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Sunday, June 16, 2024
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Opinion: D.C.’s new housing proposal is the answer to growing gentrification

D.C. Mayor Bowser’s new housing plan will spread subsidized units across the city

D.C. Mayor Muriel Bowser’s new housing plan is not a welcome change for many who have benefitted from the gentrification of the nation’s capital. The city at large is worse for wear with growing economic development, and this plan will help ensure that its community is properly mended. American University and its surrounding area will be an integral part of this change, and for good reason.

D.C. has a long-standing history of racial displacement. Neighborhoods rich in go-go music and powerful cultural discourse are now being bulldozed in favor of eccentric coffee shops and edible cookie dough cafés. D.C. is not geographically large, but there is a world of separation between Rock Creek—wherein AU is situated—and the Southeast. 

Bowser has decided to lessen the gap with her administration’s plan, which proposes 12,000 new subsidized housing units, most of which will be concentrated in areas of the city that aren’t already teeming with them. Neighborhoods like Spring Valley and Chevy Chase, areas that have become more exclusive and expensive to live in, will take part in this housing plan that may lessen the tremors of racial discrimination in the city over the long term.

A more equal disbursement of housing will result in a more equal allocation of resources. Parts of D.C. with more exclusive developments naturally have access to better schools and medical care. Now, Bowser is hoping that those opportunities will extend to all members of the community. 

This plan is long overdue in a city that is facing one of the highest rates of displacement amongst low-income residents in the country due to the rapid economic development and rising costs of living. With the displacement of people comes the erasure of their cultural and historical footprints.

Another advantage to this plan, then, is the spread of ideas and culture. These are what once made D.C. such a distinct city. By concentrating the city’s cultural vibrancy into smaller spaces, D.C. has effectively been diluting it. Large parts of the District have become exclusive neighborhoods, which are mostly beautiful single-family homes in suburbs with little to offer in the way of art, music, dance and more. These homeowners are the people Bowser hopes to target. 

While some will support the plan, she hopes that the NIMBYs—not in my backyard homeowners—will feel shamed into accepting it because of the goal it champions: a reduction of social inequality. In today’s political climate, where liberals use “political correctness” to foster change amongst each other, this is a perfect way for Bowser to force her ideas on those least willing to accept. But for everyone else, it really is an opportunity to engage with each other in a more meaningful way. Daily interactions with residents of different socioeconomic backgrounds will reinforce a sense of community in a city that once valued it so much.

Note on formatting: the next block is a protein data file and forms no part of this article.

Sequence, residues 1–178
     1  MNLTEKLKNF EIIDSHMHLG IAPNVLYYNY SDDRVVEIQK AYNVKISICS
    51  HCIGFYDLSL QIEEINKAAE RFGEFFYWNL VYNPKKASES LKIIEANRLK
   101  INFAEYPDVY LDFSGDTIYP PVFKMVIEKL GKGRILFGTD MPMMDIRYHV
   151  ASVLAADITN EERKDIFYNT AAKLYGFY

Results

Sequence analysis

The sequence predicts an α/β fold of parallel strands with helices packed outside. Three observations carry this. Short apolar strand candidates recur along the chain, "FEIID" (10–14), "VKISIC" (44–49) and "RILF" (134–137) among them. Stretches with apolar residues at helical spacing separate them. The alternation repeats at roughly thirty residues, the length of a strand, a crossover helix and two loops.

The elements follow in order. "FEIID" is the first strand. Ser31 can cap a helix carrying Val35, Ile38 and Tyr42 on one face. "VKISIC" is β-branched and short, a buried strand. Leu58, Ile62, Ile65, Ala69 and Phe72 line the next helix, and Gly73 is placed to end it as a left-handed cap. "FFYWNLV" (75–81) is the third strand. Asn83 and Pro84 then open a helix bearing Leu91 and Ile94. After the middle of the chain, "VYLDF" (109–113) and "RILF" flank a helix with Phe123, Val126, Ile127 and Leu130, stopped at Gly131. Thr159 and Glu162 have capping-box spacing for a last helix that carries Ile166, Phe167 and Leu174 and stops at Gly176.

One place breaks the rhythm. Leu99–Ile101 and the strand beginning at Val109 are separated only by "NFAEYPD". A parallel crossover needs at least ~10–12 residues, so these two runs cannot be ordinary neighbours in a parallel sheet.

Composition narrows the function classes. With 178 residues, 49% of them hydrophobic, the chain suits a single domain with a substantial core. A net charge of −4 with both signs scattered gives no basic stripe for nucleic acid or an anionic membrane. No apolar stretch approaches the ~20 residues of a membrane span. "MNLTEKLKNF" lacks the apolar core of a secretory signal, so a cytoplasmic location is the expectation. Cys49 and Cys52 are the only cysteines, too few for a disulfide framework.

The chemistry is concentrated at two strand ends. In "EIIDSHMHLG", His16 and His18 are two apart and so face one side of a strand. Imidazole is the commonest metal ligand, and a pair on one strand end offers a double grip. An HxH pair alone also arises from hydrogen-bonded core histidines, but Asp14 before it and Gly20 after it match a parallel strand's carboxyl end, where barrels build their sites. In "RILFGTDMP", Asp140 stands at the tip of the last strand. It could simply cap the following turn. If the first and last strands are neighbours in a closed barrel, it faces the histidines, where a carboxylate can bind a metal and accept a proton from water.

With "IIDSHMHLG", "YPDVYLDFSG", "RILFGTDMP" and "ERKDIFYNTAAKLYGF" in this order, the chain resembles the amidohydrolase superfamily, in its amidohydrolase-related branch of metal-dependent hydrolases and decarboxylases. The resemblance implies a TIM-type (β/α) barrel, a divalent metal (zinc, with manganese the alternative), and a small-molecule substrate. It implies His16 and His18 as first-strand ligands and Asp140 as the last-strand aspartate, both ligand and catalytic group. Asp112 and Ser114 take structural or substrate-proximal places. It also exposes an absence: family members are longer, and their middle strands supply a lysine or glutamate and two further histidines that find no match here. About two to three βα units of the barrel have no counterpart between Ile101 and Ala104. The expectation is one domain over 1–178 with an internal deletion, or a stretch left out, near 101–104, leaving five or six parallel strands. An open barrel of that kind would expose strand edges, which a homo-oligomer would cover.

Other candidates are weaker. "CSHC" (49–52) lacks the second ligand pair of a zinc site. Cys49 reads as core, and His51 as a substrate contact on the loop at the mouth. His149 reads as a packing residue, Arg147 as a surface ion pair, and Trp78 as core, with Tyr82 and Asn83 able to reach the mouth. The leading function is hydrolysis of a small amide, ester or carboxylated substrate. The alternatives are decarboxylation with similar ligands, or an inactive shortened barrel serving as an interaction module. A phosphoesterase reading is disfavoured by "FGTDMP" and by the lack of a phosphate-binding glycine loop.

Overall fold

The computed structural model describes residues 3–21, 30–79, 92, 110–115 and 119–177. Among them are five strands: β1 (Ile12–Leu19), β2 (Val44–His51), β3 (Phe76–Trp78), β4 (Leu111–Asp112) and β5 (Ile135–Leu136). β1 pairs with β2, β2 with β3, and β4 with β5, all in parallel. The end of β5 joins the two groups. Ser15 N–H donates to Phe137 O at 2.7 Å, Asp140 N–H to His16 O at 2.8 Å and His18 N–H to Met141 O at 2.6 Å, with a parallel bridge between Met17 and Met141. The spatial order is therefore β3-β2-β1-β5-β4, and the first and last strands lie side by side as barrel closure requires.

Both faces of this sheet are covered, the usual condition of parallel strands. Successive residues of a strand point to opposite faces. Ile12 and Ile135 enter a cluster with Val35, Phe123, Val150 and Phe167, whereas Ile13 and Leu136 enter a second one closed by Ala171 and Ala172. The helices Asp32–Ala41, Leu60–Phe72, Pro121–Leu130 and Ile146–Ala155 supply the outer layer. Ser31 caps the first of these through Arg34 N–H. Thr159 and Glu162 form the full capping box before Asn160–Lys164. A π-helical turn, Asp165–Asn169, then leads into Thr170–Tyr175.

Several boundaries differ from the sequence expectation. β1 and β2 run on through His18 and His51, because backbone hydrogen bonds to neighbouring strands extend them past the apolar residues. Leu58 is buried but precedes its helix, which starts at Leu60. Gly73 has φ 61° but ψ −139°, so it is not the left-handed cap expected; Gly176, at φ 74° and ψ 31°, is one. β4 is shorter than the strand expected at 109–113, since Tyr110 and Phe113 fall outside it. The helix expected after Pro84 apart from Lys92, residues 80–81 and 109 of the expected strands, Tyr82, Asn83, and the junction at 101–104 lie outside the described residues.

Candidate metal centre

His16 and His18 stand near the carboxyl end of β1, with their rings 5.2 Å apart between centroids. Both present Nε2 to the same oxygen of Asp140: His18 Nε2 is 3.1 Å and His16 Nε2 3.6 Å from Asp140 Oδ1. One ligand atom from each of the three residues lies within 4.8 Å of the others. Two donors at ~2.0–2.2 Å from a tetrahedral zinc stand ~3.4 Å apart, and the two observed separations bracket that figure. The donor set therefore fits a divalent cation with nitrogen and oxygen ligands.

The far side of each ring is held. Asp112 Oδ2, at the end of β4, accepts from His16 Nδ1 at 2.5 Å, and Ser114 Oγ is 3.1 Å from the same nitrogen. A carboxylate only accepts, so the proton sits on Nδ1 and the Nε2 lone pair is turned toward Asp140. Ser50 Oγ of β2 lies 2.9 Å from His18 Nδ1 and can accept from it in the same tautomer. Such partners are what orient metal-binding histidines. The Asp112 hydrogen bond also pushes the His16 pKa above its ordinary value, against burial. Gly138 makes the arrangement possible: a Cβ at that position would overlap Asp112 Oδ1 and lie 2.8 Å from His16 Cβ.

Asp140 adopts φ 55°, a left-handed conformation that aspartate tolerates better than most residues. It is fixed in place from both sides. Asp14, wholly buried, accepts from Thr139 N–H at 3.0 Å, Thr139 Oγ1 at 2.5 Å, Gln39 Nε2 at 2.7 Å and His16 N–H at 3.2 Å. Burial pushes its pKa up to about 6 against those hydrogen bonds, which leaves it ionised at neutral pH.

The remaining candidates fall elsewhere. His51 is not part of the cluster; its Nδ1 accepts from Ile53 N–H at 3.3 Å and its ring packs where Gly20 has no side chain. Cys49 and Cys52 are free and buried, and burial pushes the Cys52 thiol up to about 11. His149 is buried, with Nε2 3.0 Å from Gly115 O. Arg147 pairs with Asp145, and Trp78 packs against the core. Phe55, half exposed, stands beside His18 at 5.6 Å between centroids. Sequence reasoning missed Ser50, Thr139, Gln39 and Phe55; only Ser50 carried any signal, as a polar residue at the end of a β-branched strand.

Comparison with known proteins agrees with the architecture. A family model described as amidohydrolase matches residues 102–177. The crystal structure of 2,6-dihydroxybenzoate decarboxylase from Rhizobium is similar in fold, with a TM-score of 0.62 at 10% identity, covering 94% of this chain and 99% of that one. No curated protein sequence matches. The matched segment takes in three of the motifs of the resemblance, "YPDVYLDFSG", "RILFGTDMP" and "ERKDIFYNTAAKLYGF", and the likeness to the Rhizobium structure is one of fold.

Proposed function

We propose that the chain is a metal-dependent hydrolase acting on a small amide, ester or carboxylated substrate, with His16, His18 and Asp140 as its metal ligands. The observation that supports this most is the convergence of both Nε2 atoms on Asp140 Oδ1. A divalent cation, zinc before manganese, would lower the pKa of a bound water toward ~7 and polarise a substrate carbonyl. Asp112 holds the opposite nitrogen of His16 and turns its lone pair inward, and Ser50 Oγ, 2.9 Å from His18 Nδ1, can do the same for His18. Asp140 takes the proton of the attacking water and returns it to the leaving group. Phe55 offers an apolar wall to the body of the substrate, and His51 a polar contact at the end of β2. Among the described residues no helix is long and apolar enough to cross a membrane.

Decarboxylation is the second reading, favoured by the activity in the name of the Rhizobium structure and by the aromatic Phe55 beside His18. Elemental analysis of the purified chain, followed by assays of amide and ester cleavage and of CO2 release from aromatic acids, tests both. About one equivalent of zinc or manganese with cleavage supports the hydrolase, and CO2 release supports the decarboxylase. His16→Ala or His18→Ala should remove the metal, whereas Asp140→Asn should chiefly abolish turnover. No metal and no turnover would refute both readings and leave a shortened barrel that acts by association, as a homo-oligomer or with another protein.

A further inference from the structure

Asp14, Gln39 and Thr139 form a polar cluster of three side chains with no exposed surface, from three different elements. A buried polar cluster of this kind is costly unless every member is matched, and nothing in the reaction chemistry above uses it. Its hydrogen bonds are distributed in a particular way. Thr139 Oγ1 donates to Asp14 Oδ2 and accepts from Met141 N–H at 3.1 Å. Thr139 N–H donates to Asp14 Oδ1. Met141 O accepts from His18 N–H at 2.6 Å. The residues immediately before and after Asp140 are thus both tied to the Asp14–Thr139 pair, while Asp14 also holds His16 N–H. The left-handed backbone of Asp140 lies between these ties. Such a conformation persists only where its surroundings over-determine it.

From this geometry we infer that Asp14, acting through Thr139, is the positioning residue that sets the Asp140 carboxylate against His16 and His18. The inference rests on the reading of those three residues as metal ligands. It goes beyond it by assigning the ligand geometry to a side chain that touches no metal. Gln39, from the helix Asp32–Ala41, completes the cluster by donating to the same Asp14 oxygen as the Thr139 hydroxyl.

D.C. has a long history of housing discrimination, and people of color are often the ones who are pushed into subsidized housing. They are responsible for creating the D.C. cultural hotspot that has thrived for most of the last century, and yet their culture has been largely swept out of sight with them. 

Reintegrating people back into their city is the only way to ensure that D.C. maintains its roots, and anyone who has chosen to live in the newly exclusive areas should honor that—after all, discriminatory housing practices are what have driven people out, not a lack of success. This plan may be difficult to implement in the short term, but it is necessary for the long term cultural vitality of D.C. American University and its surrounding area could also benefit from the increase in diversity—college campuses should fuel unique perspectives, not stifle them.

The U.S. has a long history of encroaching upon others’ spaces and wiping away or appropriating their histories and cultures. D.C. should not be the latest casualty in a cycle that should have been broken long ago. Hopefully, all residents can get on board.

Ashlyn Peter is a senior in the School of Communication and an opinion columnist for The Eagle.

In this grand finale, hosts Sydney Hsu and Sara Winick say their goodbyes and give updated lists of their current favorite shows. Listen along and compare the new lists to those from the very first episode! 

To all the loyal listeners, it has been a great run, but all good things must come to an end. However, just like some of your favorite TV shows, a second season is never truly out of the question.

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